New music breaking out of the acedemic world and into the nightclub. John Adler may not be a trumpet-playing beauty like Alieen Balsom or Tine Thing Helsch but the music he makes is but just the same. For this recording he and Tracy Cowden play seven new works commissioned for the "Confronting Inertia
" project, which features trumpet works in classical forms written by jazz composers influenced now and then by usual suspects such as the French Impressionists, Radiohead, Andre Jolivert, Charlie Parker, and Shosiakowich.
the music is heavy on mood and the trumpet's tendancy to seek out harmonic and tonal centres based more on a focused intensity than an excess of emotion. The lyricism is often strained, sometimes beyond recognition, and it's always a voice crying out, as in Erik Fergason's poingnant musical valentine (and title tune). the longest work is James Miley's 15-minute pastel blend, usuing lots of cool notes. By contrast, Eric Nathan's exqusite Cantus is emotion laid bare, usuing electronics to create a video game-like sonic landscape of trumpet sounds and fears.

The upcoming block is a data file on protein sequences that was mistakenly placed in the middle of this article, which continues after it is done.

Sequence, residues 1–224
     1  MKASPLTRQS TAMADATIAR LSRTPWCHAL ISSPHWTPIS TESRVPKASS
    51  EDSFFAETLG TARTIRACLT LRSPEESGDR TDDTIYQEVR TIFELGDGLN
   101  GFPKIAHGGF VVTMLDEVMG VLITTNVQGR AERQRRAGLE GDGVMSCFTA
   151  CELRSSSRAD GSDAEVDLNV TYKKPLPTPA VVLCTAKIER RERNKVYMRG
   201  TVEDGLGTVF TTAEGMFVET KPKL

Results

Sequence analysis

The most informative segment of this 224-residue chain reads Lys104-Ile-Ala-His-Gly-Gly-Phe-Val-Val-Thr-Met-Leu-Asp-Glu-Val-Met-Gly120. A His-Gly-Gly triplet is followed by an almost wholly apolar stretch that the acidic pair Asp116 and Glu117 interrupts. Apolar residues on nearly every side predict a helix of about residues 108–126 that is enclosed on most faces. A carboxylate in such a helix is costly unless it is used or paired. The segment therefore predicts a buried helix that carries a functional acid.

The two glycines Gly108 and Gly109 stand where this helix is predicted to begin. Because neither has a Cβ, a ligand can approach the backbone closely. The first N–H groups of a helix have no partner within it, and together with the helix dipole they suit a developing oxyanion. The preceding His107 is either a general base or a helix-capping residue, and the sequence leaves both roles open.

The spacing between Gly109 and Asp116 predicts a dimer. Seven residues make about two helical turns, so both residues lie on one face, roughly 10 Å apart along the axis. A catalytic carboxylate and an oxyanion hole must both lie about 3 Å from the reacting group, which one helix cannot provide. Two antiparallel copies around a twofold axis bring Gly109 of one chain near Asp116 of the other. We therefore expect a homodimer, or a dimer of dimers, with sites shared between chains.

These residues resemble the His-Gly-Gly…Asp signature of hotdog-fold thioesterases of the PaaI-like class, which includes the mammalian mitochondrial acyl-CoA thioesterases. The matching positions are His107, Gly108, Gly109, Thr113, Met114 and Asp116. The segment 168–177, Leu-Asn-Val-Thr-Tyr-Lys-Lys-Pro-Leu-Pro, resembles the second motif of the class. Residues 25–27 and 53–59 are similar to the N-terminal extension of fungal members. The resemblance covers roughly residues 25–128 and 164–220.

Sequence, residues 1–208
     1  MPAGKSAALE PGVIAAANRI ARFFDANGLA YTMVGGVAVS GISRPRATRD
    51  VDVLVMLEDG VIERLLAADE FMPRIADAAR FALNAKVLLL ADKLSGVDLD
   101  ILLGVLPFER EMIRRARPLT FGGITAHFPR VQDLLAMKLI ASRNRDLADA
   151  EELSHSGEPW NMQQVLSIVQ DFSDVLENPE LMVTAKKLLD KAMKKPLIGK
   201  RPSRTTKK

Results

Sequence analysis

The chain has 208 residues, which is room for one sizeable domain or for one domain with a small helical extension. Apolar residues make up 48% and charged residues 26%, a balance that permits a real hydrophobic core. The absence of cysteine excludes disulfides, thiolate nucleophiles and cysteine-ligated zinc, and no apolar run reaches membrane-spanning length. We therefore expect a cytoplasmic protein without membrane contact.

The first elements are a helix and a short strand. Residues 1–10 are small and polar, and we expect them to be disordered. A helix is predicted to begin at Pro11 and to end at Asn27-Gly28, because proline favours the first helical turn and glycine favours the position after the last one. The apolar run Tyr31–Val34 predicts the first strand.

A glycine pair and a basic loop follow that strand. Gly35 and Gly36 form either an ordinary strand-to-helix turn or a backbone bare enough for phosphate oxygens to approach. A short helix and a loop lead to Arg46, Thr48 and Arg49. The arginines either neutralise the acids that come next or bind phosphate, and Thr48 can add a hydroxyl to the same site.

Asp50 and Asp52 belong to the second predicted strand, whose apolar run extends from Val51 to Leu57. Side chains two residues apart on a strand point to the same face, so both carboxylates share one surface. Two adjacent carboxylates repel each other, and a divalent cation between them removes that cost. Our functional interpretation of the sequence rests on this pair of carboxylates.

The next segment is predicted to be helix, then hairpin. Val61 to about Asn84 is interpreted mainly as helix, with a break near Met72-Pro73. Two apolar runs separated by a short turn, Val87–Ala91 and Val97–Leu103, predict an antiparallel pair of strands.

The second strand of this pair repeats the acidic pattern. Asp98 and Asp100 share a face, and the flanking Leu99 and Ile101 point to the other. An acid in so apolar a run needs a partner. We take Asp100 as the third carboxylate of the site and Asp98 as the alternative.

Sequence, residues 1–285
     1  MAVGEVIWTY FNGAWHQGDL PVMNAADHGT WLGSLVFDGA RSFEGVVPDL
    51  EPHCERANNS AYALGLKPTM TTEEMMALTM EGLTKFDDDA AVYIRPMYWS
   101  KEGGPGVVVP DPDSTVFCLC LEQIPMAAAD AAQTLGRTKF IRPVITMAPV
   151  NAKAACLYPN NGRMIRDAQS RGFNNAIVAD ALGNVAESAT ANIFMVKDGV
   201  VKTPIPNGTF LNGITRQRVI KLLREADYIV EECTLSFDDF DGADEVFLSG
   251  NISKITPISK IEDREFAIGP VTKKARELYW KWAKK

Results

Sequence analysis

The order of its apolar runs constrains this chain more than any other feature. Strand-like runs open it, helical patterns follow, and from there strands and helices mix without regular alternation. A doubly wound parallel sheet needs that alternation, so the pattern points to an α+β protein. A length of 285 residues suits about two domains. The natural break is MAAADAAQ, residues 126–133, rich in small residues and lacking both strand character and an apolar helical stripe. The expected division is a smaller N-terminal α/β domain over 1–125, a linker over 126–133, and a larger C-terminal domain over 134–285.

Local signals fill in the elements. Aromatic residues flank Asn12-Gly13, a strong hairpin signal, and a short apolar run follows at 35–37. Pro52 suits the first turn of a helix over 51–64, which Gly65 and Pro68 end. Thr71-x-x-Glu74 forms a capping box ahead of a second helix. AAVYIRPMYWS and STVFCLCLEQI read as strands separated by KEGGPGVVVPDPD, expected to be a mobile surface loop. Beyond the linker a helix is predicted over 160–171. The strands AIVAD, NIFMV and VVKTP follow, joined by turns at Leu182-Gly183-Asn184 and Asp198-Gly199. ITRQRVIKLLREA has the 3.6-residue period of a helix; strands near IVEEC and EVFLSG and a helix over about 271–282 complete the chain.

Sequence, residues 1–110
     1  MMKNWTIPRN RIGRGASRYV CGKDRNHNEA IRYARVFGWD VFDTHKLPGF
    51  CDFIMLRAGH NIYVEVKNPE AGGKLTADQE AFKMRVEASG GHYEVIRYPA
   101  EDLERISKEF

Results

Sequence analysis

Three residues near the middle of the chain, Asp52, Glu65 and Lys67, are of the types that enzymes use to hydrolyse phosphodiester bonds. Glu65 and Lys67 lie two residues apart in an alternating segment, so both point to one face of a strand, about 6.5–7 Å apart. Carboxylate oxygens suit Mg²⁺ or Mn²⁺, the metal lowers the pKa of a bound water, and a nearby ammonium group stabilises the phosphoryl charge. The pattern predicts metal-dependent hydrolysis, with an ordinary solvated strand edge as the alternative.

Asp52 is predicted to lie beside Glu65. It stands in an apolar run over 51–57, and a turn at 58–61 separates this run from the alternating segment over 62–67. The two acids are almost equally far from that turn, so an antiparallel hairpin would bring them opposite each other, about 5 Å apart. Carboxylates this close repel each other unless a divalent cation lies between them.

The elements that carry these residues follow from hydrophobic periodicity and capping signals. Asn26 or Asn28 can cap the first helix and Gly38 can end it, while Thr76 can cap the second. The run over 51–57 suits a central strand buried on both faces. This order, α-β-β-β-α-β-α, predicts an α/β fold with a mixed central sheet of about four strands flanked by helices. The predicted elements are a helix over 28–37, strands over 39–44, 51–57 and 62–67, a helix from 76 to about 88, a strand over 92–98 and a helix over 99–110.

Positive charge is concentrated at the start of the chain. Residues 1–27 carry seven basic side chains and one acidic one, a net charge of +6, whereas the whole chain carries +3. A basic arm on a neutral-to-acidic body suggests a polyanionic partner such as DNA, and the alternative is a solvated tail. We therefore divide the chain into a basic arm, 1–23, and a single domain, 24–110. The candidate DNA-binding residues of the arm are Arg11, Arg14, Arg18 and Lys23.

Young and takented, Adler came up through the ranks of the American music education system at its best, which is to say less disciplined then the German, less rational than the French and less rebellious than the British. Otherwise, it can hold its own with any. And it's always good to see that the new music it is generating is gaining access to the non-acedemic world.
The recordings were made in Blacksburg, Virginia, and project a nightclub atmosphere, haunted by spotlights and shaddows that occasionally give the music a sinister air.